Author + information
- Received January 10, 2006
- Revision received March 3, 2006
- Accepted March 6, 2006
- Published online November 7, 2006.
- Nobuhiro Tahara, MD, PhD⁎,
- Hisashi Kai, MD, PhD⁎,⁎ (, )
- Masatoshi Ishibashi, MD, PhD†,
- Hiroyuki Nakaura, MD, PhD⁎,
- Hayato Kaida, MD†,
- Kenkichi Baba, MD†,
- Naofumi Hayabuchi, MD, PhD† and
- Tsutomu Imaizumi, MD, PhD⁎
- ↵⁎Reprint requests and correspondence:
Dr. Hisashi Kai, Department of Medicine/Cardiovascular Research Institute, Division of Cardio-Vascular Medicine, Kurume University School of Medicine, 67 Asahi-machi, Kurume 830-0011, Japan.
Objectives We investigated whether simvastatin attenuates plaque inflammation by using 18F-fluorodeoxyglucose positron emission tomography (18FDG-PET) co-registered with computerized tomography.
Background Inflammation plays a key role in progression and destabilization of atherosclerotic plaque. 18F-fluorodeoxyglucose PET is a promising tool for visualizing inflammation of atherosclerotic plaque. Antiinflammatory action is one of the pleiotropic effects of statins.
Methods Forty-three consecutive subjects, who underwent 18FDG-PET for cancer screening and had 18FDG uptakes in the thoracic aorta and/or the carotid arteries, were randomized to either statin group receiving simvastatin (n = 21) or diet group receiving dietary management only (n = 22). The maximum standardized uptake values (SUVs) were measured in individual plaques, and were averaged for analysis of the subjectwise results. The responses were assessed after 3-month treatments.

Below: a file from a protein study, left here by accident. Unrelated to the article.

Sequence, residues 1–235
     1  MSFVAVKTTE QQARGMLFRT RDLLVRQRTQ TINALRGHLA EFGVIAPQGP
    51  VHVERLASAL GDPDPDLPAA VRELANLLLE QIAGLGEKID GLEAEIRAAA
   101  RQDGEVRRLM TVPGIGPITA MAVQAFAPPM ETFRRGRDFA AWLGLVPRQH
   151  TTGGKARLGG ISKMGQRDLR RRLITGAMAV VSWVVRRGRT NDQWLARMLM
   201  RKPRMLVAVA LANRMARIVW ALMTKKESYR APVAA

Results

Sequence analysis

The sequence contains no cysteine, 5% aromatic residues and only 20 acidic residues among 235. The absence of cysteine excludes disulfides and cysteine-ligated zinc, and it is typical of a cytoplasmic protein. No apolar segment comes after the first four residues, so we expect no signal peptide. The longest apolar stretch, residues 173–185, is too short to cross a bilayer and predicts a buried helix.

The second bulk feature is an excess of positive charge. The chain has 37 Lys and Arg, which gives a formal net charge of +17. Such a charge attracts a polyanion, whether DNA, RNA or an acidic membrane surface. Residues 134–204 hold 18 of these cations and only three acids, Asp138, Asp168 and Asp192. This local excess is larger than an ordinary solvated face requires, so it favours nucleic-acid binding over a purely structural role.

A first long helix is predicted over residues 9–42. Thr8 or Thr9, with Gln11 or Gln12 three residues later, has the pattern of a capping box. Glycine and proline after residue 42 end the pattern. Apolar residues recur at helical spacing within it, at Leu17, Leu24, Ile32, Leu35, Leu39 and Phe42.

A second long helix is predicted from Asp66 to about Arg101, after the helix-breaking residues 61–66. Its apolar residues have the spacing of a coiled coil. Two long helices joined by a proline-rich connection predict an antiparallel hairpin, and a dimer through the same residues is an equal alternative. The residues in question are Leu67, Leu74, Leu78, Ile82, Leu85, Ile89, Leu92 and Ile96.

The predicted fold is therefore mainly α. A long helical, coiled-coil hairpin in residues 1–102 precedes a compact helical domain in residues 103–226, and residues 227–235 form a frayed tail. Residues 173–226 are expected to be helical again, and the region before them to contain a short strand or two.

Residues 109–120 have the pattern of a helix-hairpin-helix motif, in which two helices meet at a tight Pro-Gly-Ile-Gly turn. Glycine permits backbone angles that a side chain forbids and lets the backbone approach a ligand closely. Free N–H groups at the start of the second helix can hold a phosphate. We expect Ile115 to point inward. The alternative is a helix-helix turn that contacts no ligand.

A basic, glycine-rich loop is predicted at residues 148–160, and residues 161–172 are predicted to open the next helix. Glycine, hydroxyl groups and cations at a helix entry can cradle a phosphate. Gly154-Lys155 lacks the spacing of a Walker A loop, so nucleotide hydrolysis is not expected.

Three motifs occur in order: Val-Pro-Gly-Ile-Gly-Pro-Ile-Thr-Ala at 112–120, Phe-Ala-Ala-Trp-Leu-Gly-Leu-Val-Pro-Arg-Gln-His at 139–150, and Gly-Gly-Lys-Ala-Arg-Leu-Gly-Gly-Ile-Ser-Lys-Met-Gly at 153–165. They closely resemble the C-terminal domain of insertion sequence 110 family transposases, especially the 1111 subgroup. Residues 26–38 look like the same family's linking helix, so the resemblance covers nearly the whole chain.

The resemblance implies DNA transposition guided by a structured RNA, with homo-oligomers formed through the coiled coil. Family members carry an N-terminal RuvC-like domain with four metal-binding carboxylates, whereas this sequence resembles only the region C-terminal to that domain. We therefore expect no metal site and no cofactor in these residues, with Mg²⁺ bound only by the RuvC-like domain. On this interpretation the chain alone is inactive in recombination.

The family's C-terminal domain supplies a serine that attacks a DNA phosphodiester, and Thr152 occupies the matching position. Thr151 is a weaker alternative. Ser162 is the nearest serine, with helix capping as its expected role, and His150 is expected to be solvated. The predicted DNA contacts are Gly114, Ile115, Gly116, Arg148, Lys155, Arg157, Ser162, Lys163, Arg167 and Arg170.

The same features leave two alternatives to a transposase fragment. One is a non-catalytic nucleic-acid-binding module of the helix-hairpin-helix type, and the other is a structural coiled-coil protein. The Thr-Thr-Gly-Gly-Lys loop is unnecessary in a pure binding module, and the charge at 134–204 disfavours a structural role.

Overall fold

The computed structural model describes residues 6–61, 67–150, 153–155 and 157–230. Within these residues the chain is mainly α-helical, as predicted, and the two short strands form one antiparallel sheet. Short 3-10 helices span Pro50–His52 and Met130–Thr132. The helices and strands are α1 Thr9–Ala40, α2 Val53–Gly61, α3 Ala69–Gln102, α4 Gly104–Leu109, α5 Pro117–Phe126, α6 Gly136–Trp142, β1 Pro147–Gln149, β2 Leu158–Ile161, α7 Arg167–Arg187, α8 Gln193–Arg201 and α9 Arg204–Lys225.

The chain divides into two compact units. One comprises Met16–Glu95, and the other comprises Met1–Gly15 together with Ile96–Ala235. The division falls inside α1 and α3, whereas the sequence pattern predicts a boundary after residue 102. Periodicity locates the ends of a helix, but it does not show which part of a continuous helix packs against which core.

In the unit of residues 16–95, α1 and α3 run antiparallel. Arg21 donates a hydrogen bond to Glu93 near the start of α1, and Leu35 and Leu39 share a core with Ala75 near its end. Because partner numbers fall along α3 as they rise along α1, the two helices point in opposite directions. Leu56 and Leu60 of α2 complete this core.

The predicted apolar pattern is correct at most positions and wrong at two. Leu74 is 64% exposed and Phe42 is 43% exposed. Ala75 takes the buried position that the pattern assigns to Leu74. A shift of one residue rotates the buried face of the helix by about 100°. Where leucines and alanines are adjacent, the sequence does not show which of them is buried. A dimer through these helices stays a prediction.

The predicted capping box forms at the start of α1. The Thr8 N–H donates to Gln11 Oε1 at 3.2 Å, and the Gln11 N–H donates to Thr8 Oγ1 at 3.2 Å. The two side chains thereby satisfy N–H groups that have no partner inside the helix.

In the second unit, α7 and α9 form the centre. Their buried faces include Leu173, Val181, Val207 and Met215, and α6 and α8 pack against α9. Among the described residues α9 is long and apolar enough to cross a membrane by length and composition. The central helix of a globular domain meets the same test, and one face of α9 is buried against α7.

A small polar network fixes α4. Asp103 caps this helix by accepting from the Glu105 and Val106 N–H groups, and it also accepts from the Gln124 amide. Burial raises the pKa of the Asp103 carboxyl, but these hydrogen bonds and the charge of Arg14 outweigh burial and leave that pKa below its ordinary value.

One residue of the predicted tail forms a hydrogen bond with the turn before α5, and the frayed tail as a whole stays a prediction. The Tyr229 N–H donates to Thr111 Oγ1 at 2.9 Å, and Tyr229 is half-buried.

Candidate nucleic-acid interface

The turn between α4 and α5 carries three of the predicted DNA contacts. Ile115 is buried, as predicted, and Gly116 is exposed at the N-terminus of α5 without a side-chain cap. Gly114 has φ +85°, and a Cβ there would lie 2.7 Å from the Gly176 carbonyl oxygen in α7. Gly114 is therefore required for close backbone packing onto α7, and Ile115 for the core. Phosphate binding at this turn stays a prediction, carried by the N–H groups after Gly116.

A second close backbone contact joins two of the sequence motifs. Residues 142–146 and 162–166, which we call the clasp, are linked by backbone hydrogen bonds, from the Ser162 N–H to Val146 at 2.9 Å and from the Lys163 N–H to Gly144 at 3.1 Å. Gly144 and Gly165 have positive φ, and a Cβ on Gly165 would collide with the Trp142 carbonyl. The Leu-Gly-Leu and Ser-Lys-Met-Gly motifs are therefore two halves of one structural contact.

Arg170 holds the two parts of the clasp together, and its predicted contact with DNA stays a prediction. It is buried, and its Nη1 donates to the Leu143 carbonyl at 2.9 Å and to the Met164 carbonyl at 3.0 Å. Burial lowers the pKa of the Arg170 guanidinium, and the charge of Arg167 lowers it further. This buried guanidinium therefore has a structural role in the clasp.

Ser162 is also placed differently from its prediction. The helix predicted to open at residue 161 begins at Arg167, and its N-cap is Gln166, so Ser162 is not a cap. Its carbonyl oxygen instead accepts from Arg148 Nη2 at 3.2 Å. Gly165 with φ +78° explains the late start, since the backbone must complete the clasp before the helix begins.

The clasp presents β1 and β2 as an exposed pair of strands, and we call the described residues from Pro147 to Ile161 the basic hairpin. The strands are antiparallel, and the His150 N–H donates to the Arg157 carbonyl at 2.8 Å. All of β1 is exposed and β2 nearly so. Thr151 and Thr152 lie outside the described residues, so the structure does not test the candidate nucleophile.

Results Positron emission tomography revealed 117 and 123 18FDG-positive plaques in the statin and diet groups, respectively. Simvastatin, but not diet alone, attenuated plaque 18FDG uptakes and decreased the SUVs (p < 0.01). Simvastatin reduced low-density lipoprotein cholesterol (LDL-C) by 30% (p < 0.01) and increased high-density lipoprotein cholesterol (HDL-C) by 15% (p < 0.01), whereas LDL-C and HDL-C levels were not changed in the diet group. In the statin group, the decrease in the SUV was well correlated with the HDL-C elevation (p < 0.01) but not with the LDL-C reduction.
Conclusions 18F-fluorodeoxyglucose PET visualized plaque inflammation and simvastatin attenuated it. The LDL-C–independent effects of simvastatin may participate in the beneficial effect. 18F-fluorodeoxyglucose PET has a potential for visually monitoring plaque inflammation and the therapeutic effectiveness of statins.
Supported in part by a research grant from the Kimura Memorial Foundation and by a grant for the Academic Frontier Project from the Ministry of Education, Science, Sports, Culture, and Technology, Japan.
- Received January 10, 2006.
- Revision received March 3, 2006.
- Accepted March 6, 2006.
- American College of Cardiology Foundation